Karyavattom and Kazhakkoottam were once the outskirts of Thiruvananthapuram city. Eventually, these sleepy villages became a ‘Technopolis‘. The Kerala University campus is 50 years old and Technopark is 25. Technocity and The Sportshub stadium are recent additions. High rise flats have mushroomed. The roads have widened and are still being widened. The population is truly metropolitan. Like all new cities that appear like a flash mob, most of its new inhabitants are unaware of the local history while they themselves shape the future of the place and presently, its history too.
Kazhakkoottam Mahadeva Temple |Photo Credit: Achuthsankar S. Nair
Is Karyavattom a place where people (or some argue, the scheming landlords, Ettuveettil Pillamar) sat in a circle (vattam) to chat (kaaryam parayan)? Totally unlikely. Vattom is seen in the names of many places in Kerala such as Kuthiravattom and Aanathalavattom and is merely a generic reference to a place. The name ‘Karyavattom’ arguably originates from the word ‘Kaaryakkar’, a reference to temple employees. Personnel associated with Kazhakkoottam Mahadeva Temple/Thrippadapuram Temple near the Kerala University campus may have created settlements near the temple.
The ‘karyam’ in Karyavattom is seen embedded in other nearby places such as Sreekaryam (Sreekaaryakkaran refers to the superintendent of a temple, according to Herman Gundert). Old timers refer to Sreekaryam as ‘Cheeyaram’. There is also a place Kariyam, near Sreekaryam, but the ‘Kari’ in it may also refer to farmlands as in Raamankari in Kuttanad. To comprehensively prove that Karyavattom does not originate from the story of the Ettuveettil Pilla family, one needs to locate references to the place name prior to 1700s.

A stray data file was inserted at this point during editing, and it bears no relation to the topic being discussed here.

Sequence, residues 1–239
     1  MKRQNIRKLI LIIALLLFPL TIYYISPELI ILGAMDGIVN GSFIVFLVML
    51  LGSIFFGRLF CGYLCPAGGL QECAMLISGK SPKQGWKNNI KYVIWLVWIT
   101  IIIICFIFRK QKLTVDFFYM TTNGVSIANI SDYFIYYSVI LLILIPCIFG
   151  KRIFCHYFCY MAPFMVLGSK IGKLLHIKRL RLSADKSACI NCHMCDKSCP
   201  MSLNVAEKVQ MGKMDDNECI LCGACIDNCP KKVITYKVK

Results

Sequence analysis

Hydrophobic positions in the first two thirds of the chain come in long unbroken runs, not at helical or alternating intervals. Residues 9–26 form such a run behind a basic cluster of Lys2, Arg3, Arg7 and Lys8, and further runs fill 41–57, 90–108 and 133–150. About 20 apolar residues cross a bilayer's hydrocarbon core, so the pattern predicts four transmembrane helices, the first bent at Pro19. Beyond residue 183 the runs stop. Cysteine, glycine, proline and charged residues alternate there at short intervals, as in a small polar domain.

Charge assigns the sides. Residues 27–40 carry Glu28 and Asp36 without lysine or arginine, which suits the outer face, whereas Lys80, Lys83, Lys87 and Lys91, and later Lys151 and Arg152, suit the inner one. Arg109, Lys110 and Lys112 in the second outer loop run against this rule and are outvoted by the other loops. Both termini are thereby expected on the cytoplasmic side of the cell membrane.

What about Kazhakkoottam? ‘Kazhakkoottam’ may have originated from ‘Kazhaka Koottam’, kazhakam being a reference to the temple authorities (a temple chiefly considered in its political bearing, according to Gundert). Kazhakkoottam Temple is ancient and lends credibility to the above arguments.
Kumizh Theertham pond | Photo Credit: Achuthsankar S. Nair
There are other theories for the name of the place. ‘Kazha’ could be timber used for construction or ship building. In Mathilakam Records of 1770 AD, the place is mentioned as ‘Kazhai Koottam’. Dense plantation (koottam) of kazha could have been there in the place. One of the traditional houses in the area, near Arasinmoodu, bears the name Kootta thengu. Yet another explanation is that there could have been a Kazhaki temple (village goddess) during the Sangam period. V.V.K Valath opines that ‘Kazhaki Koottam’, gathering in front of ‘Kazhaki’, could have become Kazhakkoottam. There is an Amman shrine near the Kazhakuttom Shiva temple to lend credibility to this argument. Naduvattam Gopala Krishnan mentions that Shuka Sandesham, a work of the 13th century, refers to travel from Thiruvananthapuram to Kollam through a place full of Kazhukan (eagles). He opines it could be ‘Kazhuka Koottam’ that became Kazhakkoottam. But the travel from Thiruvananthapuram to Kollam could also have been through the sea-side instead of the national highway we see now. Unnineeli Sandeham describes travelling from Thiruvananthapuram towards North and refers to the route Palkulangara-Thirippapoor-Muthala Pozhi-Varkala.
There is then the belief that the temple was consecrated by Kalakkode Maharshi, who lived near Kumizh Theertham, a pond, a few kilometres away from the eastern part of the temple, which is extant even today, and the place was named after him as Kalakkode. That Kalakkode could transform to Kazhakkoottam is not tenable. Among all the explanations, one tracing Kazhakkoottam to ‘Kazhakam’ of Mahadeva temple seems the most tenable.
Ward and Conner (1818) refer to Kazhakkoottam temple along with the major temples in Thiruvananthapuram. They wrote: “The most ancient building is the pagoda on Terumalla Covil hill. Besides the above, there are Hindoo temples, at the following places viz. Trivandrum, Ooloor, Colatoor, Cullicootum and Cuddanumcolum.”
They describe the place thus: “Cullicoottum is a populous village on the high road 7.5 miles N.W. by .5 W of Trivandrum; a pagoda stands on the North of the road, the roof covered with plates of brass, having a gilded minaret on the top. An agarum lies to the South of it dedicated to the Goddess Mahadavee, where a festival is annually celebrated and attended by the Rajah, who has a palace on the bank of the reservoir East of it.”
Article Courtesy: “The Hindu”